Bay leaf has medicinal property that helps in curing outside infections and skin diseases. They have strong and distinctive fragrance repelling unwanted bugs away from the room. Application of bay leaf paste is the best medicine for curing minor cuts and insect bite. In case of muscle soreness, bay leaf oil relives from soreness plus enhances the blood circulation too. It also has antibacterial and antifungal properties that can cure dandruff effectively. A regular intake of bay leaf in diet cures cold and urinary infections. It has been believed that bay leaf offers health benefits to our body. Indian researchers from Annamalai University11 estimated the total polyphenolic content of Indian bay leaf and it was 6.7 mg gallic acid equivalent 100 g-1. Bay leaf extract displayed scavenging activity against superoxide and hydroxyl radicals in a concentration-dependent manner. Spanish researchers determined the active aroma of bay leaf to be eugenol, elemicin, spathulenol and beta-eudesmol12. Researchers from Kyoto Pharmaceutical University, Japan, found the methanolic extract from the leaves of Laurus nobilis (bay leaf, laurel) could inhibit nitric oxide production in lipopolysaccharide (LPS)-activated mouse peritoneal macrophages. Seven sesquiterpene lactones (costunolide, dehydrocostus lactone, eremanthine, zaluzanin C, magnolialide, santamarine and spirafolide) potently inhibited LPS-induced NO13. In addition to its high content of antioxidants, it may have potential health benefits on diabetic people. Researchers from Agricultural Research Service14 found that bay leaf has insulin-like biological activities.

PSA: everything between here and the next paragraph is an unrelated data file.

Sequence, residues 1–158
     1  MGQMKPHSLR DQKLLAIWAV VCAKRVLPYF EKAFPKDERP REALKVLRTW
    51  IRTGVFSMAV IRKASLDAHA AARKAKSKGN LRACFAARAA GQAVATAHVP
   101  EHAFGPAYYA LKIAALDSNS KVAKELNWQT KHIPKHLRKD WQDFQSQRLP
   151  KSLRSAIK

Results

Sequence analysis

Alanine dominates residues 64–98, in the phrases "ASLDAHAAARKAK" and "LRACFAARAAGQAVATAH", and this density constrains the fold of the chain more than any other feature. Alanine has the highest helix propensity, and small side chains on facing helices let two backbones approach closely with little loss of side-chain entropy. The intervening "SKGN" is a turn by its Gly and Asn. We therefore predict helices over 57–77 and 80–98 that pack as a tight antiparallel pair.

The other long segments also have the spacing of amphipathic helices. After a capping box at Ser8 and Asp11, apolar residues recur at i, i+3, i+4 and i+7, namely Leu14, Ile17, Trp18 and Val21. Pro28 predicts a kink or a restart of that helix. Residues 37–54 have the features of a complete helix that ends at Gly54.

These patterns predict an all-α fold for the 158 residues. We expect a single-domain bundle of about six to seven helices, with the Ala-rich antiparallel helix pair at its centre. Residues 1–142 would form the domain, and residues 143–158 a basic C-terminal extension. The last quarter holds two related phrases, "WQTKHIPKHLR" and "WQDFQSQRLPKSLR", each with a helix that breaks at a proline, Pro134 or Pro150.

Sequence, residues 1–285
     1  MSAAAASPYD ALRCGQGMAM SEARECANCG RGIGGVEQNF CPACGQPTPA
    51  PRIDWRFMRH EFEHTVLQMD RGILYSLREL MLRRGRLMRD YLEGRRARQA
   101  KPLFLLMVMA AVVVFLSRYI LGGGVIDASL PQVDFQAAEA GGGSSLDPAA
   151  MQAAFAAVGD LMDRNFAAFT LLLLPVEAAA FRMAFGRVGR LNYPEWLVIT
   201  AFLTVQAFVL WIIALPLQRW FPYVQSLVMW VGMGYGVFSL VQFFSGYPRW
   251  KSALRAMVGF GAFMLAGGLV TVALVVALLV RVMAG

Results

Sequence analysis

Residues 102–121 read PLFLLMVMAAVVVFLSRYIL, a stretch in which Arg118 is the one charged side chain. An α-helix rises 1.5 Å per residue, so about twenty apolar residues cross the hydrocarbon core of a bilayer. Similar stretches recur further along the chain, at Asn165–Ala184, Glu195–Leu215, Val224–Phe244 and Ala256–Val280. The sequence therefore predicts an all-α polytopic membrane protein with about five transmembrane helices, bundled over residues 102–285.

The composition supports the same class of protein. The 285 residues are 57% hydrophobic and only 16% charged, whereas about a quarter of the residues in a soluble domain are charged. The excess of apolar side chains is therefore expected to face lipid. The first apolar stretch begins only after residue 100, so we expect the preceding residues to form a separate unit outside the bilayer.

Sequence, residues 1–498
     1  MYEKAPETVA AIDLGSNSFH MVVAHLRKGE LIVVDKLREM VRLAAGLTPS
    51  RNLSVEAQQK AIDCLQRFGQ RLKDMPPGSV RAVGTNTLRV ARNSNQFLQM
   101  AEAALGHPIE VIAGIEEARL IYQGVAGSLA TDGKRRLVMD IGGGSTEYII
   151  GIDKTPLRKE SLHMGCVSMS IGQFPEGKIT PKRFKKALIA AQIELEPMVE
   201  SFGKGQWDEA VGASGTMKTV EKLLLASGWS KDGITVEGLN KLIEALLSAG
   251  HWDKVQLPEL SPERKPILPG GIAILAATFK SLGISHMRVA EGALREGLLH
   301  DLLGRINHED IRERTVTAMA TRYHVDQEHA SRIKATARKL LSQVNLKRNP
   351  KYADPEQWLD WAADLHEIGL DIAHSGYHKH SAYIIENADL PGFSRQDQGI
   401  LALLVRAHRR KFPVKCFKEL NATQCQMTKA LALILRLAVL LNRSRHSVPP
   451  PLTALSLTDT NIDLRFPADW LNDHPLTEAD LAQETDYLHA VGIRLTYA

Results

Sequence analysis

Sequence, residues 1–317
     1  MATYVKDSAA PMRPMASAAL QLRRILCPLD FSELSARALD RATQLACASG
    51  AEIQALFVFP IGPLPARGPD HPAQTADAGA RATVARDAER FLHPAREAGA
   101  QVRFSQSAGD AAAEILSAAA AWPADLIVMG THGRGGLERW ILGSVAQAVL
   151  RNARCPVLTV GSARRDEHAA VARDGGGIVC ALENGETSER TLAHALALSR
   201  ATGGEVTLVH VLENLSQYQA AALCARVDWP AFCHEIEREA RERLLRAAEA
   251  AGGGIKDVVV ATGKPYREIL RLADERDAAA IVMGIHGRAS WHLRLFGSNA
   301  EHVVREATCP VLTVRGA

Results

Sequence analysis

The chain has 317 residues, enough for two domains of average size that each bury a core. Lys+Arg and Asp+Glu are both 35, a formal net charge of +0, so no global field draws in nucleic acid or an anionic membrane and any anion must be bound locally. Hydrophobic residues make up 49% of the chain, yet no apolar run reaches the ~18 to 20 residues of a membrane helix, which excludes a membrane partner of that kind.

Mint: Mint (Mentha arvensis, Lamiaceae) is closely related to other aromatic herbs such as basil, rosemary and sage. It is rich in vitamins A and C and has a small amount of minerals such as manganese and copper as well. Mint has an anti-inflammatory, antiseptic effect on the body. It is a powerful antioxidant and helps against the formation of cancerous cells. Additionally, it also helps improve the functioning of our immune system. Mint can help relieve symptoms of heartburn and irritable bowel syndrome by relaxing the muscles in and around the intestine. It can be consumed in the form of capsules or drops. Its digestive properties are beneficial for the liver and it helps dissolve gravel in the kidneys and the bladder. When chewed on a daily basis it works as effective antiseptic toothpaste and the chlorophyll in the leaves combined with its antiseptic properties kills odor causing bacteria. The nutrients present in it prevent tooth decay, premature falling of the teeth and pyorrhea. A decoction of mint and salt when gargled is known to cure hoarseness that comes from shouting or singing in varying pitches. Mint that is brewed in tea or mixed in milk and warmed is sometimes used to relieve abdominal cramps and pains. Mint is a spice used extensively in cooking and the plant has delicate, dark green leaves which are fragrant and have underground modified stems. The leaves are rich in a variety of vitamins and minerals, particularly vitamin C, D, E, iron, phosphorous, calcium and trace amounts of vitamin B complex. Mint is popularly known as a carminative that is used to provide relief from gastric discomforts, while also working as an antispasmodic, a stimulant and a stomachic that aids in providing a better appetite. Mint oil is extracted from the leaves and flowering tops of this plant. Menthol, a key component of mint oil, has been used to relieve nasal congestion and ease breathing during cold and coughs. Mint oil is believed to help against headaches and body aches. Gargling with mint oil and warm water is effective against toothache and gum problems. Mint leaves are diuretic, thus increasing the rate of excretion from your body and cleansing your body. Mint leaves are also used as mouth fresheners to cure bad breath. Mint creams have bee proven to have a relaxing and soothing effect on the body. Applying fresh mint juice can help cure acne, pimples and even insect stings and eczema. Mint oil is often applied on the body during outdoor activities to repel insects due to the strong and pungent smell of this herb. An excellent appetizer, the juice extracted from freshly plucked mint leaves combined with a teaspoon of honey and fresh lime juice is known to aid in digestion and treat colic, morning sickness, summer diarrhoea, biliousness, flatulence and thread worms. The anti-pruritic or anti-itch properties of mint helps cure the irritation and rash caused by insect bites and stings, when mixed with a little camphor. Since mint is a strong diuretic, it helps to eliminate toxins from the body while also relieving congestion especially related to common cold or sinus problems. It controls the growth of harmful bacteria and fungus in the body and helps cure asthma and other allergic conditions to some extent. For older children suffering from abdominal pain, a quarter teaspoon of seeds can be given to be chewed and then swallowed with water. The juice extracted from mint leaves can be applied onto the face and left overnight to cure pimples and keep the skin sufficiently moist. Eczema, contact dermatitis and scabies are conditions which can be cured by the application of mint juice. It is nevertheless important to remember that mint is not a remedy for any advanced case of illness and will require a doctor’s consultation. It can however be consumed as a supplemental treatment to speed recovery15.